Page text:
You might say the pen is not only mightier than the sword but it is mightier than a pandemic too.
Words have power. The power to comfort and heal. Much like the role – or the power — of a nurse.
The words of Clinical Nurse Specialist (CNS) Jennifer Dorman’s poem titled “When The Masks Come Off” have that power too.
The poem, reproduced below, serves as an outlet to express the many feelings triggered by the pandemic while looking ahead to a brighter future.
“Horrifying” is how Judy Dusek DNP, M.Ed., APRN-CNS, CMSRN, ACNS-BC and NACNS board member describes her bout with COVID-19.
Just recently recovered, Dusek agreed to share her personal experience as one of the “90%” of COVID-19 sufferers we don’t hear about in the news. Dusek oversees eight units responsible for staff development, onboarding, education and being hands-on with the nurses at bedside for Ascension Via Christi, the largest provider of health care services throughout Wichita and central Kansas.
Here’s what she had to say from a nurse’s perspective on the impact of COVID-19 on the body.
The “how” of destressing is somewhat easy for many to understand. It is the putting into practice of stress-reducing techniques that is usually the most difficult part to master. Today, during the COVID-19 pandemic, preventing and eliminating stress has never been more important for the nursing community.
Few understand this better than Dr. Brenda Lyon, who has close to 40 years of experience in helping clients effectively deal with stress and stress-related physical illness. She is the author of the newly released #1 book Haven’t You Suffered Enough? Clinically Proven Methods To Conquer Stress. According to Dr. Lyon, it takes time to master the skills to conquer stress but the resulting benefits at work and home are enormous and life-changing.
The Nursing Infection Control Education Network (NICE Network) will host the seventh webinar in the Empowering Nurses to Protect Themselves and Their Patients series on May 15. The webinar, A Discussion of Current Infection Prevention and Control Challenges in Maternal and Child Health Settings, will feature the National Association of Pediatric Nurse Practitioners and the Association of Women’s Health, Obstetric, and Neonatal Nurses.
The Report to Congress on the Centers for Medicare and Medicaid Services (CMS) Graduate Nurse Education Demonstration found that Medicare funding of graduate clinical education of APRNs, including clinical nurse specialists, would help meet national health care workforce needs similar to residency training for physicians.
Consider applying for HRSA’s Nurse Faculty Loan Program. The purpose of HRSA’s one-year funding opportunity is to increase the number of qualified nursing faculty by providing funding to accredited schools of nursing to offer loans to students in advanced education nursing degree programs who are committed to becoming nurse faculty.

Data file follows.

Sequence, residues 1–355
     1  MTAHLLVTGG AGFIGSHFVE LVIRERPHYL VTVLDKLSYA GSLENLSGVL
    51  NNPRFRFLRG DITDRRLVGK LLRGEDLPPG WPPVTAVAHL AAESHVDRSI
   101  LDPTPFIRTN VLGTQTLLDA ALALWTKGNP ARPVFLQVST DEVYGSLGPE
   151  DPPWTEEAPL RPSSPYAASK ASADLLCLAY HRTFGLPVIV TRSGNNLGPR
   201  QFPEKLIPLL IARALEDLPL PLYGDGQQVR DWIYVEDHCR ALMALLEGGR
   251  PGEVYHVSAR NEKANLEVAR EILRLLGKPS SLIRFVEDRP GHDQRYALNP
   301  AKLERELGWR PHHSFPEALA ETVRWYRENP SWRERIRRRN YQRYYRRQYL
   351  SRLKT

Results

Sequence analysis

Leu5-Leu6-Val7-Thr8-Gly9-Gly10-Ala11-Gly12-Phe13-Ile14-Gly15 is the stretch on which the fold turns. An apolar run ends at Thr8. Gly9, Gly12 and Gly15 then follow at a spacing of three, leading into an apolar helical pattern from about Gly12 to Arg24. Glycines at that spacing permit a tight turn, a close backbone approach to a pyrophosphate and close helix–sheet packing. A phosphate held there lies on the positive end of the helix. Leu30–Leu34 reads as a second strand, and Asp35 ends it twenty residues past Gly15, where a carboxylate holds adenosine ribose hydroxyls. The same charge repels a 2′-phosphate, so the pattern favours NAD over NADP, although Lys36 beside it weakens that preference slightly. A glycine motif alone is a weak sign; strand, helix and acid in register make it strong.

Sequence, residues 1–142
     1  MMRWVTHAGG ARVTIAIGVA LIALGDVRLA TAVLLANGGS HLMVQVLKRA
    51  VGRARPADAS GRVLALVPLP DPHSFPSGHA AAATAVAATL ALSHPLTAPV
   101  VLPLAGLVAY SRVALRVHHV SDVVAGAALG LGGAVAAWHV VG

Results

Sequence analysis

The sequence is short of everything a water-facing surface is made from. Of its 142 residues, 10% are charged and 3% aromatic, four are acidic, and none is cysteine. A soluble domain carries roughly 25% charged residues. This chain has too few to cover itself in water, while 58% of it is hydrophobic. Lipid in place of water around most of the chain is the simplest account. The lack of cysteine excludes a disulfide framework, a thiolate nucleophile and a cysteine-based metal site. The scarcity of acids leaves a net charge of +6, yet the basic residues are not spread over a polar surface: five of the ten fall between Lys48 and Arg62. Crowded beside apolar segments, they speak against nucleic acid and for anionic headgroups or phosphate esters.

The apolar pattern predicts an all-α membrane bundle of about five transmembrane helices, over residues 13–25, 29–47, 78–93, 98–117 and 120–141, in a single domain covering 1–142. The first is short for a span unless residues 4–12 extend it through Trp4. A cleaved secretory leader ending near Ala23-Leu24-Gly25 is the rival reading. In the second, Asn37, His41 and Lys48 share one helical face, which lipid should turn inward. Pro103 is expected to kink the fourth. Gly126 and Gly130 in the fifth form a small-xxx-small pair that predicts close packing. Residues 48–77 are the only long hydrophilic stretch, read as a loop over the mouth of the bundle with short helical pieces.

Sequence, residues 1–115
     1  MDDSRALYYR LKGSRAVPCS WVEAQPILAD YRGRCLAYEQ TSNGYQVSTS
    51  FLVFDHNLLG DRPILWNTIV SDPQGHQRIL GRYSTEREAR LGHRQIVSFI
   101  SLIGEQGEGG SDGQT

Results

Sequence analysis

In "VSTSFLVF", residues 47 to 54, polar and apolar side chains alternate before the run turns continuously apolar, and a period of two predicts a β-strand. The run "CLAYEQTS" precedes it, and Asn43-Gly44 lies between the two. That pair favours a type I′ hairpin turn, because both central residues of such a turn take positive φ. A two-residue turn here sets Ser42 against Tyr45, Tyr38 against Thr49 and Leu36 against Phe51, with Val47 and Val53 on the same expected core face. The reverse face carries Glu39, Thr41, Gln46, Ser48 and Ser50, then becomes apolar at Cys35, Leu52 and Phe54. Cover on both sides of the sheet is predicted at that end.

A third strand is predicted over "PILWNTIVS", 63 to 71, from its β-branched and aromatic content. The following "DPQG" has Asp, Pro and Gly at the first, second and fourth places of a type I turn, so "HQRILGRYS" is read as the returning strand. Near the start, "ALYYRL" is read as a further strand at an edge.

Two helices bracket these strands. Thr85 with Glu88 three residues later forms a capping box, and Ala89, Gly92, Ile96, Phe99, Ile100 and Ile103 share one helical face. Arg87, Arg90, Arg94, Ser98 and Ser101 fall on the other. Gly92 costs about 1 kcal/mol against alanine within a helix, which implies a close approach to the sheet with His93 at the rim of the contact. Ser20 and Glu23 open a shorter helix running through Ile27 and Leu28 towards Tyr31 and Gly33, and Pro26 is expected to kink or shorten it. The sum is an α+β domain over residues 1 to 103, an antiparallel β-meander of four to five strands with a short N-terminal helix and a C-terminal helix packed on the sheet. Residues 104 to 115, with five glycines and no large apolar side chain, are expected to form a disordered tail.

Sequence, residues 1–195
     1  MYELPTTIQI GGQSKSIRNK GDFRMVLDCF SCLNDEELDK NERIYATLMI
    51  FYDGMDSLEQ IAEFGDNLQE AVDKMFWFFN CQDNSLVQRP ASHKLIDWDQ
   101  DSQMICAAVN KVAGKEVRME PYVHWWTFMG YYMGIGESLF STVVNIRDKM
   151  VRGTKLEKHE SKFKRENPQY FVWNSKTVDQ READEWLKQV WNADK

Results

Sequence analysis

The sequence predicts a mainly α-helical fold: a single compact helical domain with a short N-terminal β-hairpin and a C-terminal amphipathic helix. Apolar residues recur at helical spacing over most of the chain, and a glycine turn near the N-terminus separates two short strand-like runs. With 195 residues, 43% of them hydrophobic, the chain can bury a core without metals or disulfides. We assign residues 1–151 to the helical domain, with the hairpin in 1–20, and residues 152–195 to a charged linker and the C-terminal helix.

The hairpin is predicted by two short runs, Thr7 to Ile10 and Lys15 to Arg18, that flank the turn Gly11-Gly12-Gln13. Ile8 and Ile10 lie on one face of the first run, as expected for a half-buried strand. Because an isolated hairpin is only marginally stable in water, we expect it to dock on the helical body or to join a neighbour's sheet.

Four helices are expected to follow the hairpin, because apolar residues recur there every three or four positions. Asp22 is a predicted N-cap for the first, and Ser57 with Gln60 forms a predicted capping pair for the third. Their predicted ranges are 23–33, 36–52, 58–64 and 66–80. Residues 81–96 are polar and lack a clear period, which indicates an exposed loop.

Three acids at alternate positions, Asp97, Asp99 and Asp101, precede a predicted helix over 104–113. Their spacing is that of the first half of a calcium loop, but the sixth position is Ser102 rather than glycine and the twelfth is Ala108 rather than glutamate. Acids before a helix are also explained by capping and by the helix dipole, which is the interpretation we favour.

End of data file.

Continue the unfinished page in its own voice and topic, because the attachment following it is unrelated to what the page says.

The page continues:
As the winds and rains of Hurricane Harvey begin to taper off, news outlets are reporting on the destruction and equating the scope of the damage to Hurricane Katrina’s impact on New Orleans. Reports of up to 50 inches of rain in some areas of Texas underscore the intense flooding and destruction resulting from this storm. NACNS has reached out to our Texas Affiliate to learn more about what clinical nurse specialists and the APRN community is experiencing and to see if we can help in anyway. NACNS encourages our members to consider making a donation of time or money to the American Red Cross.
Do you arrange clinical placements for CNS students?
Do you supervise CNS’s who serve as preceptors?
If you answered yes to any of these questions, be sure to check out the online self-study course, Developing Your Skills as a Clinical Nurse Preceptor, jointly provided by the Indiana University School of Nursing and the National Association of Clinical Nurse Specialists. Launched in 2016, this course provides 4 continuing nursing education contact hours specific to the role of a preceptor for clinical nurse specialist students. It is separated into 3 modules: Organizing the Learning Experience, Engaging the Student, and Providing Useful Feedback, and it aims to provide new and experienced preceptors with tools and tips to have a successful clinical experience for both the preceptor and the student.
The proliferation of clinical alarms poses one of healthcare technology’s most pressing patient safety challenges—“alarm fatigue.” While device alarms can improve medical care by arming clinicians with valuable information about their patient’s health, most are false or nonactionable, often resulting in a sensory clutter that overwhelms clinicians and caregivers, desensitizing them to the alerts. The Association for the Advancement of Medical Instrumentation’s spring 2017 issue of its award-winning, peer-reviewed publication, Horizons, focuses on clinical alarm management.
NACNS joined America’s leading nursing organizations and the more than 3.5 million nurses they represent, in calling on the Trump Administration and Congress to prioritize patient health and the patient-provider relationship in any health reform proposals.
As lawmakers consider legislation to repeal, replace or fundamentally alter the Affordable Care Act, nursing organizations affirmed their shared commitment to health care policies that reflect patients access to: health care with affordable coverage options; care delivered by providers of their choice, including CNSs and other APRNs; upholding essential health benefits; greater Medicare efficiency; and more.